Zheng, Jian / Huang, Xudong / Tan, Wen / Yu, Dianke / Du, Zhongli / Chang, Jiang / Wei, Lixuan / Han, Yaling / Wang, Chengfeng / Che, Xu / Zhou, Yifeng / Miao, Xiaoping / Jiang, Guoliang / Yu, Xianjun / Yang, Xianghong / Cao, Guangwen / Zuo, Chaohui / Li, Zhaoshen / Wang, Chunyou / Cheung, Siu Tim / Jia, Yongfeng / Zheng, Xiongwei / Shen, Hongbing / Wu, Chen / Lin, Dongxin. ·State Key Laboratory of Molecular Oncology, Cancer Institute and Hospital, Chinese Academy of Medical Sciences and Peking Union Medical College, Beijing, China. · Department of Etiology and Carcinogenesis, Cancer Institute and Hospital, Chinese Academy of Medical Sciences and Peking Union Medical College, Beijing, China. · Department of Abdominal Surgery, Cancer Institute and Hospital, Chinese Academy of Medical Sciences and Peking Union Medical College, Beijing, China. · Department of Genetics, Medical College of Soochow University, Suzhou, China. · School of Public Health, Tongji Medical College, Huazhong University of Sciences and Technology, Wuhan, China. · Department of Radiation Oncology, Cancer Hospital, Fudan University, Shanghai, China. · Department of Pancreas and Hepatobiliary Surgery, Cancer Hospital, Fudan University, Shanghai, China. · Department of Pathology, Shengjing Hospital, China Medical University, Shenyang, China. · Department of Epidemiology, Second Military Medical University, Shanghai, China. · Department of Gastroduodenal and Pancreatic Surgery, Hunan Province Tumor Hospital, Changsha, China. · Department of Gastroenterology, First Affiliated Hospital, Second Military Medical University, Shanghai, China. · Union Hospital, Tongji Medical College, Huazhong University of Sciences and Technology, Wuhan, China. · Department of Surgery, University of Hong Kong, Hong Kong, China. · Department of Pathology, Affiliated Hospital, Inner Mongolia School of Medicine, Huhhot, China. · Department of Pathology, Fujian Provincial Cancer Hospital, Fuzhou, China. · Department of Epidemiology and Biostatistics, Cancer Center, Nanjing Medical University, Nanjing, China. · Collaborative Innovation Center for Cancer Medicine, Guangzhou, China. ·Nat Genet · Pubmed #27213290.

ABSTRACT: Genome-wide association studies have identified several loci associated with pancreatic cancer risk; however, the mechanisms by which genetic factors influence the development of sporadic pancreatic cancer remain largely unknown. Here, by using genome-wide association analysis and functional characterization, we identify a long intergenic noncoding RNA (lincRNA), LINC00673, as a potential tumor suppressor whose germline variation is associated with pancreatic cancer risk. LINC00673 is able to reinforce the interaction of PTPN11 with PRPF19, an E3 ubiquitin ligase, and promote PTPN11 degradation through ubiquitination, which causes diminished SRC-ERK oncogenic signaling and enhanced activation of the STAT1-dependent antitumor response. A G>A change at rs11655237 in exon 4 of LINC00673 creates a target site for miR-1231 binding, which diminishes the effect of LINC00673 in an allele-specific manner and thus confers susceptibility to tumorigenesis. These findings shed new light on the important role of LINC00673 in maintaining cell homeostasis and how its germline variation might confer susceptibility to pancreatic cancer.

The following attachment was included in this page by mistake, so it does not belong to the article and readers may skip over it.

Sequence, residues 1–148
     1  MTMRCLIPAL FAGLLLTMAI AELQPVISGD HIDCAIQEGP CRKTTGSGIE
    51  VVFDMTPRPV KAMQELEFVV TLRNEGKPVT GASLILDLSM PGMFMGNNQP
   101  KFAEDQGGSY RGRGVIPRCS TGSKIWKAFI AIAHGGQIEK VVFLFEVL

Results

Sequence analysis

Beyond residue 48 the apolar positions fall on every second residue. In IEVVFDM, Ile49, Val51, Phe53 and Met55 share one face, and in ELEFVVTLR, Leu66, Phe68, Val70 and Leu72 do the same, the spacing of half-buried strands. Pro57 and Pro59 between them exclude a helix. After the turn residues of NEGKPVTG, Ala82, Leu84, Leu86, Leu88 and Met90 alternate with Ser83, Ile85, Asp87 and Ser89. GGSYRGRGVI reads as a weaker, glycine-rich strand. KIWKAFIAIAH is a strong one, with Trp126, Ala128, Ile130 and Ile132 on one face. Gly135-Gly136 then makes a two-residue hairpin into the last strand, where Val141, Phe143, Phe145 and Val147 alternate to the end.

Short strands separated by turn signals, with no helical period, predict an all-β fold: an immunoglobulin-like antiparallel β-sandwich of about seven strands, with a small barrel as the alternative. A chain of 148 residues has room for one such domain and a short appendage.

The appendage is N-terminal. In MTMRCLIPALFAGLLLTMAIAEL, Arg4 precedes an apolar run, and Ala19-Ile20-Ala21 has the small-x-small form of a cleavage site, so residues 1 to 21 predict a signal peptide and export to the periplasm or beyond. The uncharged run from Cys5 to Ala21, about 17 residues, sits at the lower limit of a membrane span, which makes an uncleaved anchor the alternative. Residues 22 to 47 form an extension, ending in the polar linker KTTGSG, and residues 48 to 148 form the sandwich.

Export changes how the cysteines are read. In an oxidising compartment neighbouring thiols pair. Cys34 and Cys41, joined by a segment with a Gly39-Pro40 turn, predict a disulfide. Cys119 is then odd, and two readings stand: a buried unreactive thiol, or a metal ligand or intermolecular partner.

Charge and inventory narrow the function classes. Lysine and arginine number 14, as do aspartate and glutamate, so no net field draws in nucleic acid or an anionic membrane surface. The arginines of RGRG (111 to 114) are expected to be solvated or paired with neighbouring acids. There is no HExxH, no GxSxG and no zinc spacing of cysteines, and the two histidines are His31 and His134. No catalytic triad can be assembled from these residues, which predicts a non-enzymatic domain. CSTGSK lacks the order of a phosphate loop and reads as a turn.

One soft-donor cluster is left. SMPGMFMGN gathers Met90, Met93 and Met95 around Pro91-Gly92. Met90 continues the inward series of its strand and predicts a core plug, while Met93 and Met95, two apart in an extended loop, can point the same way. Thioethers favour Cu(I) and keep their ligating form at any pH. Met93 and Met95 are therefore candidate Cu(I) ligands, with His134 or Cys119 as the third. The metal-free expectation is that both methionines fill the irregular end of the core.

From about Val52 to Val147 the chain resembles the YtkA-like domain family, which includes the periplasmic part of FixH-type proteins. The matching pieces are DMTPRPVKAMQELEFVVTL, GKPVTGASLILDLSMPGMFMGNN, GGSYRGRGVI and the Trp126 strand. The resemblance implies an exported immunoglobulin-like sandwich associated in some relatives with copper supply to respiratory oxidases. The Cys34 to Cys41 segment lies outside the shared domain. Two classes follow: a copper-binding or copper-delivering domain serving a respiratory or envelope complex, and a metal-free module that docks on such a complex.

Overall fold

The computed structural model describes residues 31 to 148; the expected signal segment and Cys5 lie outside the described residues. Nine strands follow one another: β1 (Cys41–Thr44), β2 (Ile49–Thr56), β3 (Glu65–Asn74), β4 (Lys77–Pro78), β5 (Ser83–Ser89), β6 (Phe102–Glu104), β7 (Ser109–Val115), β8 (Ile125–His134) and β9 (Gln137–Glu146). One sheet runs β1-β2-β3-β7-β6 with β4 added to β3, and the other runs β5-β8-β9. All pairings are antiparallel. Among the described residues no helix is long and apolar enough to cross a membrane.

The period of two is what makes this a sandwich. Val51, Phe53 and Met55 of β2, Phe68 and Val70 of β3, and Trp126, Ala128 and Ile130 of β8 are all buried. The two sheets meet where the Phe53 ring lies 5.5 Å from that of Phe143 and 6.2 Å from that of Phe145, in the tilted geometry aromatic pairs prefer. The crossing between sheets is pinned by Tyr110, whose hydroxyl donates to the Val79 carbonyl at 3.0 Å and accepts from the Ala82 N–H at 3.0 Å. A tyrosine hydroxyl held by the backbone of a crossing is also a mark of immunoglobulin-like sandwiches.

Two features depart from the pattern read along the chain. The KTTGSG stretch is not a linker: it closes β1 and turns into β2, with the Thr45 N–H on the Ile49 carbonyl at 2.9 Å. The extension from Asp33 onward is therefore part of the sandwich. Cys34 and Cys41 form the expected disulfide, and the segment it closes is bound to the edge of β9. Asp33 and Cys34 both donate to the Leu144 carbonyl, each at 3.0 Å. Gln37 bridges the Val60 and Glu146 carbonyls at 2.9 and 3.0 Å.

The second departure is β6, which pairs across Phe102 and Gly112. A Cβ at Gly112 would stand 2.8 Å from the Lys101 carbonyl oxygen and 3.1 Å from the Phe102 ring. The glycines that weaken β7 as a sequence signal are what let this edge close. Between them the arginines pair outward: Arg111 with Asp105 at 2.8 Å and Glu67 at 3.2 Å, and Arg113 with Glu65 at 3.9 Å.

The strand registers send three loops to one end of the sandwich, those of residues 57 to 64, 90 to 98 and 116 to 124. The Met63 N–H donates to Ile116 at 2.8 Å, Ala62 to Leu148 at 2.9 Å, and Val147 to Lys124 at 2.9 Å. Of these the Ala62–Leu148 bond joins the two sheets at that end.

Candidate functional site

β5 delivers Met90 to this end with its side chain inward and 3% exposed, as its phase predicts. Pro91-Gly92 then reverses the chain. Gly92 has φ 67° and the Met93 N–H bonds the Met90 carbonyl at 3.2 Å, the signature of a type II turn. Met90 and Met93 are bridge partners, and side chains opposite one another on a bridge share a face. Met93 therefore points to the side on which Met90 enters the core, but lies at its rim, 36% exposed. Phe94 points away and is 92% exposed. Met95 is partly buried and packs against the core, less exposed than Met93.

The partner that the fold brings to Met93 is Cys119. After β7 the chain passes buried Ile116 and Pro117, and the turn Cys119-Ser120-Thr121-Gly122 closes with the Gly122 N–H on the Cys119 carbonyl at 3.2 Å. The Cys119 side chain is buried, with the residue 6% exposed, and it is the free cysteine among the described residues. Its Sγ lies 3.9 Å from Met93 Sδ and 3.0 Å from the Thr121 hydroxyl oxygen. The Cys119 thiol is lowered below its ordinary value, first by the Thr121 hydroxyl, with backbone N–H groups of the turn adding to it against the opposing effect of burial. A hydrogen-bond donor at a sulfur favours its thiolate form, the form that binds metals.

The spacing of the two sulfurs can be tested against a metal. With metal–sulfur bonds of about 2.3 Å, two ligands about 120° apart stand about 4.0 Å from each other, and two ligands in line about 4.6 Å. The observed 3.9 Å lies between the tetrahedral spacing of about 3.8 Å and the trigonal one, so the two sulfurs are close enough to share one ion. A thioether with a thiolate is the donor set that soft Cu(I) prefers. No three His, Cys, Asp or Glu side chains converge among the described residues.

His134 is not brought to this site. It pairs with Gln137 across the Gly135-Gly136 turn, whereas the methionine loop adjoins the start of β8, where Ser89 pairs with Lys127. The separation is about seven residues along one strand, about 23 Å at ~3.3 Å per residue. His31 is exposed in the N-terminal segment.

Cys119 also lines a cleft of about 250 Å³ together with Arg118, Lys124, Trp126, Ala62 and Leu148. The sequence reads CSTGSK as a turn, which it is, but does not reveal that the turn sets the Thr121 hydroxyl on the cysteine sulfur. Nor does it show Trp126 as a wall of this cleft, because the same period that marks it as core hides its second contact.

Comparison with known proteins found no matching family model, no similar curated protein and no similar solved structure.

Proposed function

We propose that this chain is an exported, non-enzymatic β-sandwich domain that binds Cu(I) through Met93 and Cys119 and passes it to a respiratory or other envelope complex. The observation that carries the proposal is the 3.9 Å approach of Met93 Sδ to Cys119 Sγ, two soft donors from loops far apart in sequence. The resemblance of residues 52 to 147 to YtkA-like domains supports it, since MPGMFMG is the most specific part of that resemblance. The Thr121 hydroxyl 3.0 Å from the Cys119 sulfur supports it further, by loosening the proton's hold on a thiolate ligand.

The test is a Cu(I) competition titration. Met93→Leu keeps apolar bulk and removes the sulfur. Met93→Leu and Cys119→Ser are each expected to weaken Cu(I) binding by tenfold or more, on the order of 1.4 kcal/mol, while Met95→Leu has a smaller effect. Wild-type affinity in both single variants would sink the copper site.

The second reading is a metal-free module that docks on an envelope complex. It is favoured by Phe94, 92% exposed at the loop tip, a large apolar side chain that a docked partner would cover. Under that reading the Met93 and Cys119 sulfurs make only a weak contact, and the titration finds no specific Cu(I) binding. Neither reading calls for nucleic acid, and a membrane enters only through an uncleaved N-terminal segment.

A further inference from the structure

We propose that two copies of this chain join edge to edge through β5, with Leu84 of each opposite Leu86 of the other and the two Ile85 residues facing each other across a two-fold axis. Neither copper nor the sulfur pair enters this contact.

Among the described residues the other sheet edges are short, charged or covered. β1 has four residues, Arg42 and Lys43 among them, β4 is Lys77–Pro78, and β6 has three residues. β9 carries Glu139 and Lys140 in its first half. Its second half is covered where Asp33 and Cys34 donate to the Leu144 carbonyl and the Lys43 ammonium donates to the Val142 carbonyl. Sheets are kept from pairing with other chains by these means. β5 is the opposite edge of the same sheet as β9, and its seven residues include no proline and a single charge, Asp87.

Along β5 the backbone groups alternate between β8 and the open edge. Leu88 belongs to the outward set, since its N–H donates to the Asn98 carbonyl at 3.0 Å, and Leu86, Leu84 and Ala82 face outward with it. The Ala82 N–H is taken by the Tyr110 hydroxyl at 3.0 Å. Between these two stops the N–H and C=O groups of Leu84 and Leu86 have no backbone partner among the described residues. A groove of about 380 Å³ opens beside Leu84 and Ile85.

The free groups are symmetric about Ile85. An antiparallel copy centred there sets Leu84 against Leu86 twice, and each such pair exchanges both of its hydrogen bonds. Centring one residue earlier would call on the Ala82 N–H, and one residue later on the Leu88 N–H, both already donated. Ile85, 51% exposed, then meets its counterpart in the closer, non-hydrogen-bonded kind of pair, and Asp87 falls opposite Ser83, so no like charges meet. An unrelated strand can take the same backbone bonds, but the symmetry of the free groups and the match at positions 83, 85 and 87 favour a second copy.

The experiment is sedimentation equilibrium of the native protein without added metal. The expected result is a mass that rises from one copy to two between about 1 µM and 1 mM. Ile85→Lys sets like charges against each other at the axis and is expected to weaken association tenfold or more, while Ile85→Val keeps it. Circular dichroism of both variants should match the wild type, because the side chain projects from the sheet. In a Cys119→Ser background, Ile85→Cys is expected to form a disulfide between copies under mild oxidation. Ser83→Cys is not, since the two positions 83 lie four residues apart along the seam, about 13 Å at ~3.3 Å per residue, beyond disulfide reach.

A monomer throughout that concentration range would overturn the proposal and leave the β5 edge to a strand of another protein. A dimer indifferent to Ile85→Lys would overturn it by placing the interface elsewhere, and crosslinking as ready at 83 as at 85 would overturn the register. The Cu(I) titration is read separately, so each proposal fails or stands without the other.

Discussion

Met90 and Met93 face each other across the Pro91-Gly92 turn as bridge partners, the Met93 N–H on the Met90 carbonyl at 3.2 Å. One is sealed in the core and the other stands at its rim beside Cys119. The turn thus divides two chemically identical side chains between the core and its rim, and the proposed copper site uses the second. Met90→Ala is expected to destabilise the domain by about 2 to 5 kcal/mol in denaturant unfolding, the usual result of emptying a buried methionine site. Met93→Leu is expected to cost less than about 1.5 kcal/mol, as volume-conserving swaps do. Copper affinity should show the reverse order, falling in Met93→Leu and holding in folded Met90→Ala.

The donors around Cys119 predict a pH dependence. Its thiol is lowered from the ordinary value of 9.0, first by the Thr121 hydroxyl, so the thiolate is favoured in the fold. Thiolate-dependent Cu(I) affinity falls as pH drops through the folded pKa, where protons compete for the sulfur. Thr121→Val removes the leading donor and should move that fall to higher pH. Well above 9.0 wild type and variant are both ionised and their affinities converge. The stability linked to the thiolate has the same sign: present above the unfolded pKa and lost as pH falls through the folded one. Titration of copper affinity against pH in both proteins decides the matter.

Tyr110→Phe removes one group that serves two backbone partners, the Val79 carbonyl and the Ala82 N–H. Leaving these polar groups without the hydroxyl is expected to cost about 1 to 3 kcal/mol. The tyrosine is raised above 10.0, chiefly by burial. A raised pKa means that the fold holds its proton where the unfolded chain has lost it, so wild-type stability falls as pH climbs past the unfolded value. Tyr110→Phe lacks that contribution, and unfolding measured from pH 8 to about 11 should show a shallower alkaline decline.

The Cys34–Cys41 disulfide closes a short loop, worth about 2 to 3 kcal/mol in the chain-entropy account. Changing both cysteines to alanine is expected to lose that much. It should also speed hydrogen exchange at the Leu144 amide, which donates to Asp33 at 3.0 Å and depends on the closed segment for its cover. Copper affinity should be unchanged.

7 Article Radiosensitization of metformin in pancreatic cancer cells via abrogating the G2 checkpoint and inhibiting DNA damage repair. 2015

Wang, Zheng / Lai, Song-Tao / Ma, Ning-Yi / Deng, Yun / Liu, Yong / Wei, Dong-Ping / Zhao, Jian-Dong / Jiang, Guo-Liang. ·Department of Radiation Oncology, Fudan University Shanghai Cancer Center, 270 Dongan Road, Shanghai 200032, China; Department of Oncology, Shanghai Medical College, Fudan University, 270 Dongan Road, Shanghai 200032, China. · Cancer Research Institute, Fudan University Shanghai Cancer Center, 270 Dongan Road, Shanghai 200032, China. · Department of Radiation Oncology, Fudan University Shanghai Cancer Center, 270 Dongan Road, Shanghai 200032, China; Department of Oncology, Shanghai Medical College, Fudan University, 270 Dongan Road, Shanghai 200032, China; Department of Radiation Oncology, Shanghai Proton and Heavy Ion Center, 4365 Kangxin Road, Shanghai 201321, China. Electronic address: guoliang.jiang@sphic.org.cn. ·Cancer Lett · Pubmed #26304716.